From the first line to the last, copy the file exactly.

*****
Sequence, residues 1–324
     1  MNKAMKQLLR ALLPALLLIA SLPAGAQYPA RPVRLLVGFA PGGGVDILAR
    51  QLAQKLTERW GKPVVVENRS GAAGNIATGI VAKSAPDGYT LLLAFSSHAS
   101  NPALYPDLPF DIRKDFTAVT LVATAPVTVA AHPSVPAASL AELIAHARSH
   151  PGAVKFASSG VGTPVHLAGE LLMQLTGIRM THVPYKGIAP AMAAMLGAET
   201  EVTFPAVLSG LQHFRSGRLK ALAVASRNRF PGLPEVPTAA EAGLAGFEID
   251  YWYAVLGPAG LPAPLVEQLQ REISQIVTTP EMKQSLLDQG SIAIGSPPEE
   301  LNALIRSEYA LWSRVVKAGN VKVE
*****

Sequence, residues 1–324
     1  MNKAMKQLLR ALLPALLLIA SLPAGAQYPA RPVRLLVGFA PGGGVDILAR
    51  QLAQKLTERW GKPVVVENRS GAAGNIATGI VAKSAPDGYT LLLAFSSHAS
   101  NPALYPDLPF DIRKDFTAVT LVATAPVTVA AHPSVPAASL AELIAHARSH
   151  PGAVKFASSG VGTPVHLAGE LLMQLTGIRM THVPYKGIAP AMAAMLGAET
   201  EVTFPAVLSG LQHFRSGRLK ALAVASRNRF PGLPEVPTAA EAGLAGFEID
   251  YWYAVLGPAG LPAPLVEQLQ REISQIVTTP EMKQSLLDQG SIAIGSPPEE
   301  LNALIRSEYA LWSRVVKAGN VKVE